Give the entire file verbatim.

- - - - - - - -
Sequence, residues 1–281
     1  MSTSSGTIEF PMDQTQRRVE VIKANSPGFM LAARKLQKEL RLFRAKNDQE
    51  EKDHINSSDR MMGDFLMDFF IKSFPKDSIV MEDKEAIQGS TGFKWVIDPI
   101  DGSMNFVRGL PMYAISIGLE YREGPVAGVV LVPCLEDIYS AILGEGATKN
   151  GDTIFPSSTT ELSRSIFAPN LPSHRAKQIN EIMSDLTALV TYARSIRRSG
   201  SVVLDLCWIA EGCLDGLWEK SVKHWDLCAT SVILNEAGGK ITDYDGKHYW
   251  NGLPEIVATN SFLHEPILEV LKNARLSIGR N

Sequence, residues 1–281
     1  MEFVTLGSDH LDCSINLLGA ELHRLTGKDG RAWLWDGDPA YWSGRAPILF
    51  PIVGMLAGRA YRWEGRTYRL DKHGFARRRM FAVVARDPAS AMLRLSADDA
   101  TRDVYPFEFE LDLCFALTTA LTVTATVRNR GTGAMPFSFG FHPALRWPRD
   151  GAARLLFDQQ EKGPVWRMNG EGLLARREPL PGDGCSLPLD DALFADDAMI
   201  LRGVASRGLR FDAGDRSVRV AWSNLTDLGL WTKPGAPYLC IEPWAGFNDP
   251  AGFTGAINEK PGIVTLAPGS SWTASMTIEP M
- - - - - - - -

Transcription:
Sequence, residues 1–281
     1  MSTSSGTIEF PMDQTQRRVE VIKANSPGFM LAARKLQKEL RLFRAKNDQE
    51  EKDHINSSDR MMGDFLMDFF IKSFPKDSIV MEDKEAIQGS TGFKWVIDPI
   101  DGSMNFVRGL PMYAISIGLE YREGPVAGVV LVPCLEDIYS AILGEGATKN
   151  GDTIFPSSTT ELSRSIFAPN LPSHRAKQIN EIMSDLTALV TYARSIRRSG
   201  SVVLDLCWIA EGCLDGLWEK SVKHWDLCAT SVILNEAGGK ITDYDGKHYW
   251  NGLPEIVATN SFLHEPILEV LKNARLSIGR N

Sequence, residues 1–281
     1  MEFVTLGSDH LDCSINLLGA ELHRLTGKDG RAWLWDGDPA YWSGRAPILF
    51  PIVGMLAGRA YRWEGRTYRL DKHGFARRRM FAVVARDPAS AMLRLSADDA
   101  TRDVYPFEFE LDLCFALTTA LTVTATVRNR GTGAMPFSFG FHPALRWPRD
   151  GAARLLFDQQ EKGPVWRMNG EGLLARREPL PGDGCSLPLD DALFADDAMI
   201  LRGVASRGLR FDAGDRSVRV AWSNLTDLGL WTKPGAPYLC IEPWAGFNDP
   251  AGFTGAINEK PGIVTLAPGS SWTASMTIEP M